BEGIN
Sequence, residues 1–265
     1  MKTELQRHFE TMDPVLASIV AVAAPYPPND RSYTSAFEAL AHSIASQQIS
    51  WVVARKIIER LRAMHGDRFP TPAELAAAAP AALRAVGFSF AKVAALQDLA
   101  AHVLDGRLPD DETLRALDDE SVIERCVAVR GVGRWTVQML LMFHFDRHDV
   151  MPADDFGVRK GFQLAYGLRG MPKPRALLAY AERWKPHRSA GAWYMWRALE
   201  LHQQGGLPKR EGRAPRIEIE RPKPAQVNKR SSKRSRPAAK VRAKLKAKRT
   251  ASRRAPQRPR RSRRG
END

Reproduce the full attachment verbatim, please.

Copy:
Sequence, residues 1–265
     1  MKTELQRHFE TMDPVLASIV AVAAPYPPND RSYTSAFEAL AHSIASQQIS
    51  WVVARKIIER LRAMHGDRFP TPAELAAAAP AALRAVGFSF AKVAALQDLA
   101  AHVLDGRLPD DETLRALDDE SVIERCVAVR GVGRWTVQML LMFHFDRHDV
   151  MPADDFGVRK GFQLAYGLRG MPKPRALLAY AERWKPHRSA GAWYMWRALE
   201  LHQQGGLPKR EGRAPRIEIE RPKPAQVNKR SSKRSRPAAK VRAKLKAKRT
   251  ASRRAPQRPR RSRRG